I still get a little chill down my spine when the news announcers say “President-elect Obama,” but already I am being reminded that we can’t just sit back and wait for him to save the world. We still need to do our part, and one of the things we need to do right now is be vigilant to make sure that the most competent people are running the bureaucratic machinery of the country.
So I was very pleased when a list-serv to which I belong circulated an email from a major research organization saying that they were being contacted by the Obama transition team and asked for nominations of people to fill the relevant scientific appointments (Cabinet level, associate directors, National Science Board, etc.) Makes perfect sense to me that the scientific community would have a good sense of who is qualified and capable of leading the executive branch offices that regulate, conduct, and fund science research. Score one for Obama.
But other news is not so good. Apparently, Robert F Kennedy, Junior, a prominent lawyer, environmental activist, and anti-vaccinationist is in the running for Director of the Environmental Protection Agency.
And my favorite mysoginist and yours, good old Larry Summers is a top contender for Treasury Secretary. Yes, Larry “women just aren’t as smart at science as men” Summers could be put back in charge of fixing our economy and leading the charge in the 21st century.
Details below the fold, including links to relevant critiques and how you can contact Obama’s transition team and register your criticism. Also, consider the comment thread open for suggestions of who you’d like to see in the critical science-related political appointments.
First up. Larry Summers. Remember the remarks about the innate aptitude of women with regards to science? At a conference on diversifying the science and engineering workforce, he suggested that a reason for the small number of women in STEM fields could be a genetic difference in ability, that when you went several deviations above the mean IQ, there just might not be as many smart women as men. Yea, that didn’t go over so well. Early reporting here. Resignation letter here. Scientific studies supporting his notion? Not linked because they either don’t exist or are overwhelmed by studies that show that the minority status of women is a result of bias, barriers, and socialization.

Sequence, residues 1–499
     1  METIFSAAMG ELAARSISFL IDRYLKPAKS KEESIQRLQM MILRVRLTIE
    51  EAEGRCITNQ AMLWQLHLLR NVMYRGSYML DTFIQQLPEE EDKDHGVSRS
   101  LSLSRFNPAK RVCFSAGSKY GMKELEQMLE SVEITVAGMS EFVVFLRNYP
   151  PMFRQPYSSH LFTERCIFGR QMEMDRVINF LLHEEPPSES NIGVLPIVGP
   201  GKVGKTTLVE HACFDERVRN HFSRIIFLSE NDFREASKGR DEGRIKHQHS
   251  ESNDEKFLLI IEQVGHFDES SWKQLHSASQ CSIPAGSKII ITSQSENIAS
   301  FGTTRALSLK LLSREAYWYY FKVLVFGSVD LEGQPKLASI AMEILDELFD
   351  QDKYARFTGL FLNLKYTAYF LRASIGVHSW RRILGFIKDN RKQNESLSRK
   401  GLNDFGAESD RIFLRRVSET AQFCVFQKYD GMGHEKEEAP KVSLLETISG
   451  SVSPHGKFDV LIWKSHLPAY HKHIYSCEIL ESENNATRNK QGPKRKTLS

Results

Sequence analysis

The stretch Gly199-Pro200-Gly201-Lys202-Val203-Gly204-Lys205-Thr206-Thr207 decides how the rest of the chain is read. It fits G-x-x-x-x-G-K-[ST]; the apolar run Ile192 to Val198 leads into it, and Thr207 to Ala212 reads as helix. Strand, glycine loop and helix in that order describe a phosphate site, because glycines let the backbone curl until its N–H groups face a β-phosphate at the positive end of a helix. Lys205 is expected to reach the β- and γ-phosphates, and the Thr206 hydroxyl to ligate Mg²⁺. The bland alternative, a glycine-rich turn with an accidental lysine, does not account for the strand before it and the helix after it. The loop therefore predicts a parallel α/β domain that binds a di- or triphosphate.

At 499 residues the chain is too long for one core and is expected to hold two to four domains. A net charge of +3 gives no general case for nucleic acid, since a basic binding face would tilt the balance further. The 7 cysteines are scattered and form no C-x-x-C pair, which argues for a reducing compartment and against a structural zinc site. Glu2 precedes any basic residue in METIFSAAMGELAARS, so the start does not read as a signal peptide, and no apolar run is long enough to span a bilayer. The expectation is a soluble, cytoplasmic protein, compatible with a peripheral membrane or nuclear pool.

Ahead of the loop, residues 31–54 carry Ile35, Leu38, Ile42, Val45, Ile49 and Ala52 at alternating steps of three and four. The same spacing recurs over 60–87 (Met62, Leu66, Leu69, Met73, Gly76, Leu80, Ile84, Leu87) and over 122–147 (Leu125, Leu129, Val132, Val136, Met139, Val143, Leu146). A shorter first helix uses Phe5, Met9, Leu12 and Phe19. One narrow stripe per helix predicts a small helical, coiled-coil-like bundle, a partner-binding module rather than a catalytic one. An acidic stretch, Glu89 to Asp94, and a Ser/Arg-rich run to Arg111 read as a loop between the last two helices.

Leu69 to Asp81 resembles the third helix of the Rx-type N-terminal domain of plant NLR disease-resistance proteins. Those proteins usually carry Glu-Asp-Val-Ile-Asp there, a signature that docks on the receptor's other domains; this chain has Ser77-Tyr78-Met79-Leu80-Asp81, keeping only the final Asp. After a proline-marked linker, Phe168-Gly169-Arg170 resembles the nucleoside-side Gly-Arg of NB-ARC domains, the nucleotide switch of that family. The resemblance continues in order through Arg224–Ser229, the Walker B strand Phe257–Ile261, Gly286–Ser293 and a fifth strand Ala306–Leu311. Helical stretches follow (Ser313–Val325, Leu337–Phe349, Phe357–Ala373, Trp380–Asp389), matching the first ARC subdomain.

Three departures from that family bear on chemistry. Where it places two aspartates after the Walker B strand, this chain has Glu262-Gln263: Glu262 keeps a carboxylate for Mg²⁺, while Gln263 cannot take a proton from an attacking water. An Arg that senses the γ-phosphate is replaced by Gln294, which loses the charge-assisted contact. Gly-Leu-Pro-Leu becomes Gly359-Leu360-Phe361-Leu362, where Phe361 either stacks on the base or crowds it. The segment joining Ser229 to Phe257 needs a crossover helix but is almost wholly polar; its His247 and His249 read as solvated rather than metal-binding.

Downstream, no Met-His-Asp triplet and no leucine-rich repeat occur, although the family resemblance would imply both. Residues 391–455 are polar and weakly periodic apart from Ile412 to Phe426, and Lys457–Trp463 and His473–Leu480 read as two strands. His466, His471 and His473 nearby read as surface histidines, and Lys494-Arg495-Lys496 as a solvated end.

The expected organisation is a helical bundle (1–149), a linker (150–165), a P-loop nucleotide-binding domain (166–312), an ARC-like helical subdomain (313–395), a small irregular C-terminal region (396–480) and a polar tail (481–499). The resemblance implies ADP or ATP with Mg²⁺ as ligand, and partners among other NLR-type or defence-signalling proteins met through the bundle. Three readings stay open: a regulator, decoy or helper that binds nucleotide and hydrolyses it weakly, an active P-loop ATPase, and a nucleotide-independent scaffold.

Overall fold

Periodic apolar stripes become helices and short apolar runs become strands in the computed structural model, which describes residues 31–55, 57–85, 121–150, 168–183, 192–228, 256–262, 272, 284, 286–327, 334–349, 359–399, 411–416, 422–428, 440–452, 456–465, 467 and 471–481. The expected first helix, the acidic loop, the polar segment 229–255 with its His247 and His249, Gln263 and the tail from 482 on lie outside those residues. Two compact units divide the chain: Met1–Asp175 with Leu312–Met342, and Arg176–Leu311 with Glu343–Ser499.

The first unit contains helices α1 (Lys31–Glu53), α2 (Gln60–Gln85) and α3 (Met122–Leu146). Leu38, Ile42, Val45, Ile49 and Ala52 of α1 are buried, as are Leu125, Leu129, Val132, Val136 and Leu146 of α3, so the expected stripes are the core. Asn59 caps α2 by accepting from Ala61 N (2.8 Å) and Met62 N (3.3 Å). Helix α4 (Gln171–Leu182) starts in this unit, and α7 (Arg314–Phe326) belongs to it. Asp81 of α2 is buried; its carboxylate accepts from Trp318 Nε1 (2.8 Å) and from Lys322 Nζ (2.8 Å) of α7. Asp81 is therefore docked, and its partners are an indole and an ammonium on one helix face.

He’s certainly qualified to be Treasury Secretary, after all he had the job in the Clinton years. But do you really want someone who suspects that 1/2 the population isn’t very smart planning the economic policy of the country? Even if he’s a repentant sinner, his women-in-science remarks are just one example of his choosing to be provocative and impetuous rather than using better informed, reasoned judgement. Again, not a quality I’d want in a Cabinet secretary.
And in choosing Summers, the message Obama would be sending women, women in science, and scientists is that despite all his talk about being pro-women and pro-science, he’s not going to hold his administration to those standards. That’d be a pretty damn disappointing first message to get from him.
Then, RFK Jr. Orac’s got the definitive piece, chock full of links and references. Here’s a sampling.
RFK, Jr. first came to my attention when he published a screed simultaneously on Salon.com and Rolling Stone, entitled Deadly Immunity, which ranted that mercury in the thimerosal preservative that used to be in vaccines that was so dishonest and full of misinformation and distortions that at the time I labeled it the “biggest, steamingest, drippiest turd I’ve ever seen it [Salon.com] publish.” I wasn’t alone. Skeptico famously labeled RFK, Jr.’s Deadly Immunity his “completely dishonest thimerosal article” and “lies, damned lies, and quote-mining.” [see original for extensive linkage]